Have you ever been watching an episode of ‘The Block’ or ‘Domestic Blitz’ and found yourself wishing that everyday tradesman Scott Cam was employed by the Australian government? Well buddy, do I have news for you.
Prime Minister Scott Morrison announced on Thursday that he would be joining forces with Cam to try and get more young people to take up a trade.
Personally, I’m not sure how many young people know who Scott Cam is or care what he has to say, but it’s a nice gesture all the same and helps tap into the Coalition government’s continuing mantra that everything is fine and will continue being fine as long as we don’t change anything (remember the ’90s?!)
The Gold Logie winner will be the first “national careers ambassador” in Australia’s history, working to show young Aussies how practical and technical training can end in lucrative careers. Hell, maybe you’ll even get your own reality show.
“Scott Cam is proof that undertaking a trade can be a very valuable, rewarding and successful career choice, and there are plenty more who can tell a similar story to Scott,” said Morrison.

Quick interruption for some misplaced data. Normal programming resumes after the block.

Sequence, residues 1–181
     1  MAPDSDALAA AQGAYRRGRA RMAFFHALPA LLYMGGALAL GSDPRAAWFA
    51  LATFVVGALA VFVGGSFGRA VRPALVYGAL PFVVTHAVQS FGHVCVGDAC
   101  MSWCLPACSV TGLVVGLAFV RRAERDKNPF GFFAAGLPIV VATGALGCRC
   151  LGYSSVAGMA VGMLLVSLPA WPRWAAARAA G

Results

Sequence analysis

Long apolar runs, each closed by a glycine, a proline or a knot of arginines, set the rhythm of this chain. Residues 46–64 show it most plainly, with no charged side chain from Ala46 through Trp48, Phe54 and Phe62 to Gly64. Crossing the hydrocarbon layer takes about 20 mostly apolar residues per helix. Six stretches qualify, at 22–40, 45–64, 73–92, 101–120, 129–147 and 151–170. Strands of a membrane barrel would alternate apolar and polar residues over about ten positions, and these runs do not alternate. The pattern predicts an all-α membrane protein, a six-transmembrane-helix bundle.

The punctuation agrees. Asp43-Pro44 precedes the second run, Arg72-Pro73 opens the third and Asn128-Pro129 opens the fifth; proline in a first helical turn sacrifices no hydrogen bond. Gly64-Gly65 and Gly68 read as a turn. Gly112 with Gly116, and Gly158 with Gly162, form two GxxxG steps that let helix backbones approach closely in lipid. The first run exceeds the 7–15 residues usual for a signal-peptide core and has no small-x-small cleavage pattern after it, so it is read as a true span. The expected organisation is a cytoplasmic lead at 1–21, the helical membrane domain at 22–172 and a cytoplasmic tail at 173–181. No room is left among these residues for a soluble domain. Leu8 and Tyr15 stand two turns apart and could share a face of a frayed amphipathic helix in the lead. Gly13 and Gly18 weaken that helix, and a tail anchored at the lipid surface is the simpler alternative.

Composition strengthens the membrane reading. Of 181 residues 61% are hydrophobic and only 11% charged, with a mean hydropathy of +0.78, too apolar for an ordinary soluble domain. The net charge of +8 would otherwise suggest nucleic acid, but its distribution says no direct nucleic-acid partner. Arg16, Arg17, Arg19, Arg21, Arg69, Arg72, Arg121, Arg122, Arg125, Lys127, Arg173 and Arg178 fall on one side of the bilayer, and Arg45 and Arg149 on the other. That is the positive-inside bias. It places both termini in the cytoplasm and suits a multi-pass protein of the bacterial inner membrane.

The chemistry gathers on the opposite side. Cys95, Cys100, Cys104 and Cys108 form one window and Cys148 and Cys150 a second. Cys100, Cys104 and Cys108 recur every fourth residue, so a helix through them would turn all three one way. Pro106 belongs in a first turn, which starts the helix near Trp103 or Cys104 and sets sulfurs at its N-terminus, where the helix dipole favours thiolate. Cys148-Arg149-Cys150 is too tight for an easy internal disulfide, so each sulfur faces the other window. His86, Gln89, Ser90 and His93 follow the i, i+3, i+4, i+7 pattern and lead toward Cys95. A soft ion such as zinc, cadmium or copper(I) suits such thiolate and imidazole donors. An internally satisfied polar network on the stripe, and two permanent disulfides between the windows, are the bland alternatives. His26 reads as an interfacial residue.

“By learning a trade you’ll earn more, your skills will be in demand, and you’ll help build our country and keep our economy strong.”
“I want to see more Australians become plumbers, electricians and bakers than lawyers and consultants. I would like to see more of them going on to become their own boss.”
Michaelia Cash, employment and skills minister, said Cam will work with the National Careers Institute, but shied away from discussing how much the government was coughing up to employ the country’s most famous “tradie.”
Michaelia Cash says Scott Cam's salary is "commercial in confidence" but the role is "about outcomes". She hasn't named any outcomes yet except young people looking up to him because it shows tradies can do anything. #auspol
— Paul Karp (@Paul_Karp) October 9, 2019
It’s definitely an interesting move from a Coalition government that has routinely made budget cuts to the more traditional ways of helping kids out, all but ignoring TAFE in the latest budget, having 140,000 fewer apprentices then when it was elected, and cutting $3 billion from vocational education.
In April, the Australian Education Union’s federal president Correna Haythorpe accused the Morrison government of having an agenda of privatising vocational education in Australia. The chief executive of the Independent Tertiary Education Council Australia, Troy Williams, told the AFR the government’s spending priorities were confused.
Here’s hoping the employment of Scotty Cam helps clear a few things up.